OCEAN CITY — The civil suit filed last September alleging age bias and discrimination against the town of Ocean City for its hiring practices, which appeared to be heading toward a settlement last week, took a surprise turn this week when an amended complaint was filed alleging the town destroyed or deleted pertinent documents related to the case.
Last September, the U.S. Equal Employment Opportunity Commission (EEOC) filed a lawsuit in U.S. District Court against the Mayor and Council for allegedly violating the Age Discrimination and Employment Act (ADEA) with regard to its hiring practices. In its formal complaint, the EEOC charges Ocean City discriminated against airport employee Anthony Indge, 62, when it failed to hire him to the position of full-time airport associate in May 2008.
According to the complaint, Indge was employed at the airport as a temporary line technician. However, for about a month in late 2007, Indge filled in as a part-time airport associate after a full-time airport associate had to take leave. In March 2008, Indge again filled in as a part-time airport associate after the town of Ocean City discharged a full-time employee in the same capacity.
The formal complaint alleges Indge performed the duties of the airport associate position to the satisfaction of his employers, to the point the airport manager told him he was one of the facility’s “more valued employees.” However, during an interview in May 2008, the airport manager allegedly “made ageist comments to Indge, including telling Indge that he had serious concerns about Indge’s age and that he did not think Indge would have a long-term commitment because of his age.”
A year later, the case appeared last week to be heading toward a settlement, but new issues came to light forcing the EEOC to file an amended complaint this week. In the amended complaint, the EEOC alleges town officials destroyed employment records and interview documents even after the suit was filed. The amended complaint alleges since May 2008, Ocean City has violated the ADEA by failing to make and preserve records required by the EEOC necessary to the commission’s administration of the ADEA.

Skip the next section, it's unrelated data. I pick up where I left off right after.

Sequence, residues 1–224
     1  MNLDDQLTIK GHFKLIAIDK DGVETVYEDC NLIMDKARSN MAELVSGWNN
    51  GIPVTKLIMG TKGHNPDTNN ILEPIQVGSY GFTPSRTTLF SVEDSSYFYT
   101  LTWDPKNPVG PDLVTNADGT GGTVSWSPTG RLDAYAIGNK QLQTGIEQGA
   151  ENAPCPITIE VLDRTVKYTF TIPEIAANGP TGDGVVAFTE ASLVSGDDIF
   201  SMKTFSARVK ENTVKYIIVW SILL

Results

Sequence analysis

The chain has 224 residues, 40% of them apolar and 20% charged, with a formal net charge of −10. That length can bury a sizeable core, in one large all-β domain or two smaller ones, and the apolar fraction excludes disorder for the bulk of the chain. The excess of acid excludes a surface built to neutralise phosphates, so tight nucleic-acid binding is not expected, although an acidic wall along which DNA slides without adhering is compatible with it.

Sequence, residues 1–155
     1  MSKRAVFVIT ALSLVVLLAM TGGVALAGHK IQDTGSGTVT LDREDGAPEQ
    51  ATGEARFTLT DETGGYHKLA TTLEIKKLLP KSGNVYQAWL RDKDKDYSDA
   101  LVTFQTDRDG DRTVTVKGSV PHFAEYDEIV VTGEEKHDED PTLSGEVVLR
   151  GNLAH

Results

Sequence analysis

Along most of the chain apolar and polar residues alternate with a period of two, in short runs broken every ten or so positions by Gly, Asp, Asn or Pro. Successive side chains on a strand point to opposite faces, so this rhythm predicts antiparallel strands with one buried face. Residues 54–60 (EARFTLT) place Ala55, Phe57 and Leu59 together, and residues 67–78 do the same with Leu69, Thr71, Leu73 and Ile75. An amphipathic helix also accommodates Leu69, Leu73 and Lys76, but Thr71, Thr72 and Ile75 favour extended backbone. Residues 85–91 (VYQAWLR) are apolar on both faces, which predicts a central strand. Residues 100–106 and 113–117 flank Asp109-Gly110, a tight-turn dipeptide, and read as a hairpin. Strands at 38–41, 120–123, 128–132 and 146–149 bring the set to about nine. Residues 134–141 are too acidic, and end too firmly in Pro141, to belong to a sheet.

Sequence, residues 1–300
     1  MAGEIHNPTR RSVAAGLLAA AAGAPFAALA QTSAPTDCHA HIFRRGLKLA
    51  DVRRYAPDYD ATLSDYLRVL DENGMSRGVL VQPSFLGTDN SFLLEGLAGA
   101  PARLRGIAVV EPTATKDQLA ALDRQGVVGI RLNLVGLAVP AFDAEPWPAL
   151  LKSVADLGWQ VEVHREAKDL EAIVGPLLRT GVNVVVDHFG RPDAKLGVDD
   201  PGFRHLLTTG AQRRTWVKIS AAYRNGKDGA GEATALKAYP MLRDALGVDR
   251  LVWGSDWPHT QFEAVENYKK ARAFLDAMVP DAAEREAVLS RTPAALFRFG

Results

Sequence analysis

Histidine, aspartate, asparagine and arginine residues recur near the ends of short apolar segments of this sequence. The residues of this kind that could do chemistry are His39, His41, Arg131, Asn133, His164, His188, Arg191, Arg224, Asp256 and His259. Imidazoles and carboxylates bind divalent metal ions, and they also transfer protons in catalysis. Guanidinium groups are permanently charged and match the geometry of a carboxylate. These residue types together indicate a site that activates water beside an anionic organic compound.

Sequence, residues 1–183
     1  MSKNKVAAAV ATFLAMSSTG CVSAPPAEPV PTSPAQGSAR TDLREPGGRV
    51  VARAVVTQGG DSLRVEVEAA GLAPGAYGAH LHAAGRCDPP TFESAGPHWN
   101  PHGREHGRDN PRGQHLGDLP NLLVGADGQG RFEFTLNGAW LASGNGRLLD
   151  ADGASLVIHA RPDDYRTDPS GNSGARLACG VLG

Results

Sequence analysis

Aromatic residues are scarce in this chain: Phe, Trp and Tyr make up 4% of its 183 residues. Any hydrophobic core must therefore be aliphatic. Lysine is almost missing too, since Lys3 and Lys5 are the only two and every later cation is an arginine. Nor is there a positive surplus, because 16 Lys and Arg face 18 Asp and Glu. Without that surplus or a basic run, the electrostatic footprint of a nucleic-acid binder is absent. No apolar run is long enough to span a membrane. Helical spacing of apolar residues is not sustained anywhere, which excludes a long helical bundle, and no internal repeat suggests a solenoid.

“The records include, but are not limited to, interview notes taken by Airport Manager George Goodrow, who interviewed all the candidates for the position of airport associate, including Mr. Indge, and emails and other documents related to the charges of discrimination and the defendant’s responses to those charges,” the amended complaint reads.
According to the amended complaint, the issue of the missing documents and records came to light during a deposition of Goodrow.
“Here, the defendant, Ocean City, was required to maintain documents related to the charges at issue until final disposition of the action,” the amended complaint reads. “The defendant, Ocean City, has admitted it did not do so.”
According to the amended complaint, the documents and records were deleted or destroyed even after the suit was filed last September.
In the amended complaint, the EEOC claims Ocean City should have known it had to retain the records.
“Ocean City cannot genuinely claim that it lacked notice that it had a duty to maintain and preserve relevant business and other charge-related records under the ADEA,” the complaint reads. “Indeed, this is not the first time Ocean City has been the defendant in a lawsuit brought under the ADEA.”